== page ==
Micro-scale potentiodynamic polarisation curves of 316L stainless steel
This database comprises 5 Potentiodynamic Polarisation (PP) datasets. Each dataset consists of a pair of CSVs: 1 file containing the values of the applied potential scan rate (mV/s); and 1 having the corresponding current density j (µA/cm²) values. This database was first deployed in the following scientific article, accepted for publication in Corrosion Science journal on 10 March 2023: "Probing the randomness of the local current distributions of 316L stainless steel corrosion in NaCl solution". Leonardo Bertolucci Coelho1,2,∗, Daniel Torres1, Miguel Bernal1, Gian Marco Paldino3, Gianluca Bontempi3, Jon Ustarroz 1,2 1 ChemSIN – Chemistry of Surfaces, Interfaces and Nanomaterials, Université libre de Bruxelles (ULB), Brussels, Belgium 2 Research Group Electrochemical and Surface Engineering (SURF), Vrije Universiteit Brussel, Brussels, Belgium 3 Machine Learning Group (MLG), Université libre de Bruxelles (ULB), Brussels, Belgium *email@example.com 955 PP curves were recorded on the same 316L sample using the Scanning Electrochemical Cell Microscopy (SECCM) in hopping-mode protocol. A total of 12 SECCM sessions were performed, comprising maps with up to 17x17 points (during up to 24 h of continuous measurement). Five different combinations of [NaCl] and voltammetric scan rates were employed: 0.005 M NaCl – 100 mV/s, 0.01 M NaCl – 100 mV/s, 0.01 M NaCl – 50 mV/s, 0.05 M NaCl – 100 mV/s, 0.05 M NaCl – 50 mV/s. The number of data samples (j Vs E curves) is 287, 377, 119, 125 and 47 for each dataset. These quantities of curves were considered representative of each testing condition, as the underlying j distributions were continuous. The datasets were sliced from 0.5 V Vs Ag/AgCl (considerably more positive than the OCP) upward to avoid the eventual and deleterious occurrence of negative currents. Positive j values were preferred for building histograms and obtaining defined log(j) numbers. The SECCM experiments were designed to detect low corrosion currents, and the trade-off for such a high signal sensitivity was the I saturation level at 10 nA. In case of missing data points in the anodic sweep data (most often caused by oversaturation at high applied overpotentials), these were replaced by data interpolation (Python pandas interpolate() method, spline). This data-filling procedure was used for a small proportion of the data populations (0%, 0%, 1%, 1% and 11%, respectively, for the datasets with increasing testing aggressiveness). The final shapes of the j Vs E curves were validated against similar curves with unsaturated signals at the relevant E ranges.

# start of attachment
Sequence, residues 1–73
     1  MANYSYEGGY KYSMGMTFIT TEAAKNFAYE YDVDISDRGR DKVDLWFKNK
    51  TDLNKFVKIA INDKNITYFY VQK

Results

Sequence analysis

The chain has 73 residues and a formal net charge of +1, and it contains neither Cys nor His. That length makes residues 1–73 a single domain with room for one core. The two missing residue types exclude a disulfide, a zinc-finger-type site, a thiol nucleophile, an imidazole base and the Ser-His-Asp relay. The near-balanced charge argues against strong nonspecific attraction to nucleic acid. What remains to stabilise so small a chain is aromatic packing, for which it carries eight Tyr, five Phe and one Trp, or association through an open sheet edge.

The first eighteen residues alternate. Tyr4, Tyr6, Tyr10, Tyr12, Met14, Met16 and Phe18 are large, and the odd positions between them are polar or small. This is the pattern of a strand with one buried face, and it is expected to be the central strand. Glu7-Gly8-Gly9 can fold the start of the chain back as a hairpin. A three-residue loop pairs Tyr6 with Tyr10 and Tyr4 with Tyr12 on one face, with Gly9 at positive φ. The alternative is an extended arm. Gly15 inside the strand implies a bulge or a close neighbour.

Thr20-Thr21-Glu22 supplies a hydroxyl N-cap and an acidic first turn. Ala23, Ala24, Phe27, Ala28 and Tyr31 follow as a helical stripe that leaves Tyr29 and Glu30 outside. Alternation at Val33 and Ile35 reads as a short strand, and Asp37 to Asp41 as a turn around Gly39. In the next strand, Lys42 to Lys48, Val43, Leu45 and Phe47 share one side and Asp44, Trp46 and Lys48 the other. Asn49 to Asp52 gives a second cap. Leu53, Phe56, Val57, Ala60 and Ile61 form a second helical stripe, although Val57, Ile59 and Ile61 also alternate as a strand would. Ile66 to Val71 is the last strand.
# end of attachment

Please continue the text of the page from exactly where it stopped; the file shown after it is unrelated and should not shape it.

Steps to reproduce
The investigated stainless steel consisted of an industrial plate of 316L (Aperam, France) subjected to electropolishing (bath temperature = 65 °C, current densities between 20 and 40 A/dm2) followed by passivation (a proprietary process by Packo Inox, Belgium). For SECCM testing, one squared coupon (~1 cm²) was cut with a lever cutter and degreased in acetone (10 min in ultrasonic bath). In brief, the SECCM probe was brought into contact with the surface at randomly selected locations, and upon each approach, 1 potentiodynamic polarisation was recorded. During each approach of the nanopipet, the working electrode current was used as a signal to detect when the meniscus cell had made contact with the SS substrate (the magnitude of the threshold current used was ca. 6.5 pA, under an applied potential of −0.6 V Vs Ag/AgCl quasi reference counter electrode (QRCE)). Next, the probe retracted and moved to a new location automatically (in point grid fashion) to acquire the corrosion data. Single-barrel pipets (borosilicate) were pulled with a Sutter P2000 pipet puller to a final internal circular diameter of ~2 µm, and were used as SECCM probes. The droplet size is expected to be of similar dimensions as the probe, and this was confirmed with preliminary FESEM images of the SECCM footprints on the SS surface. Current density j was then calculated by normalising the measured current by 3.14 µm², assuming a consistent droplet size. Ag/AgCl QRCEs, well-known for their long-term stability, were inserted into pipets filled with the NaCl electrolyte. The data were recorded with an acquisition rate of 7.68 ms (sampling rate of 30 µs averaged 256 times). The time constant of the current amplifier was 100 µs. The starting E was -0.5 V, and the end anodic E was 1.355 V (Open Circuit Potential (OCP) values varied between 0 and 200 mV Vs Ag/AgCl). A custom-built potentiostat featuring current collectors with a sensitivity of 1 nA/V was employed, and the data collection system (PCIe-7856R FPGA card, National Instruments) was controlled by LabVIEW (2019, National Instruments) interface running Warwick’s software (WEC-SPM, www.Warwick.ac.UK/electrochemistry). To avoid any perturbation from sound, light or mechanical vibrations and reduce electrical noise, the experiments were performed inside a faraday cage (Thorlabs) equipped with acoustic insulation panels (Kevothermal) and aluminium heat sinks, mounted on top of an optical table (TMC Ametek) with automatic levelling.
Fonds De La Recherche Scientifique - FNRS
Chargé de recherches - CR